The Tree Of Knowledge

Sometimes I think all our troubles come from being “separate.” We sometimes feel separate from our comrades, from our loved ones, from our dreams of a happy life, even from God. We sense a separation from everything that is good—as though we’ve been let loose in a harsh world where we have to fight for what we want.

Where did this idea of separation originate?

Tree of “Knowledge?” Or just “Good and Evil?”

Thematically, and certainly scripturally, it happened in the Garden of Eden. Remember the story? We bit into the fruit of the Tree of Knowledge and suddenly we understood that everything could be viewed as good or evil. We began to divide the universe into its separate categories, its separate shapes and colors, even its separate peoples. We believed that everything could be seen as right or wrong. We understood that for there to be a “me,” there must be a “not me.” Perhaps it was an easy assumption that the things that were “not me” must have their own conflicting goals and needs. Competition was born and the idea of a limited universe came right along with it.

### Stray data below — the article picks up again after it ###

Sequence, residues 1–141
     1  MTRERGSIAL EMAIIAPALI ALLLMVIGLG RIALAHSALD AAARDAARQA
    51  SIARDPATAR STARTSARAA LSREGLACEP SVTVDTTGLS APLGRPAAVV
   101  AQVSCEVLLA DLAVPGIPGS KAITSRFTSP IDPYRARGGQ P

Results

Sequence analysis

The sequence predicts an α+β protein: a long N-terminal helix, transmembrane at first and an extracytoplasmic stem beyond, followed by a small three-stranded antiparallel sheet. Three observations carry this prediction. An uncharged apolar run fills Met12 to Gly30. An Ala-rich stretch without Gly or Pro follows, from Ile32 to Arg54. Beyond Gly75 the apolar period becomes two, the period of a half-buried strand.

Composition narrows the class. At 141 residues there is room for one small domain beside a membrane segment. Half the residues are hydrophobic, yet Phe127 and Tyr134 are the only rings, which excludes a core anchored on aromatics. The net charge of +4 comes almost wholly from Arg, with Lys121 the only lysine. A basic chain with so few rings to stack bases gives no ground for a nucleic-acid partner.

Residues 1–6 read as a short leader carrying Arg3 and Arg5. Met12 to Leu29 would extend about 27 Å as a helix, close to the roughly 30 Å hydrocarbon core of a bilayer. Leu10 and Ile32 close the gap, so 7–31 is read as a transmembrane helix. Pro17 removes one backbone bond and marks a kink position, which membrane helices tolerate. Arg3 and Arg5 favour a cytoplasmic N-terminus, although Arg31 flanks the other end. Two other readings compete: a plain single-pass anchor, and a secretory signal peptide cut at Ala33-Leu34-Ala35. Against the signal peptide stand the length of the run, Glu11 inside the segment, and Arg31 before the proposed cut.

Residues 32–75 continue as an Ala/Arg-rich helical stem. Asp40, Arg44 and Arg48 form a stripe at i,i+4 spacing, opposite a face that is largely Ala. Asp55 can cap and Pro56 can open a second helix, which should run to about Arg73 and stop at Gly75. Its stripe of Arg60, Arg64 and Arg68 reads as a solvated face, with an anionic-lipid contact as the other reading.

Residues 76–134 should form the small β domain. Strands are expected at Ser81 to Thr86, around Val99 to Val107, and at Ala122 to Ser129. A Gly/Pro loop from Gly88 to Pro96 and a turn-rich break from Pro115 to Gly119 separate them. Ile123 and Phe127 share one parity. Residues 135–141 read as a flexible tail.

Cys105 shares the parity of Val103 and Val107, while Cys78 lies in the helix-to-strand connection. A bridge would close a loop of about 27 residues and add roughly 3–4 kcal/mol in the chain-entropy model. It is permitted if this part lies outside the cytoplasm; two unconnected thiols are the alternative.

But that’s not what we believe in the Science of Mind.

We believe that everything is part of God. That includes you and me—as well as the rest of the material and energetic universe. We cannot really be separate from God—because we’re part of it. We cannot really be separate from an experience of Love or Abundance, of Joy or Peace—because that’s just another part of the God in which we reside.

Perhaps the true lesson from the Garden of Eden is the difference between “differentiation” and “judgment.” It’s wonderful for us to see the world in all its colors and variety. It’s great to see everyone’s special gifts and different ways of approaching things.

But that doesn’t make things good or bad. It’s all part of God. It just “is.”

Even unfortunate choices can hardly be said to be “evil.” They may be poor choices. They may cause damage or havoc—but they, too, are part of life’s variety. The people making the poor choices are still part of God’s majesty.

Let us think of the ways that we are alike. Let us think of our connectedness. Let us understand that we’re all working together for the benefit of all. This is a Universe of plenty with room and support for everyone. The more we see ourselves as connected—as part of God—the more we can feel our universal participation in something larger than just ourselves.

We are part of the Divine! Let’s celebrate it!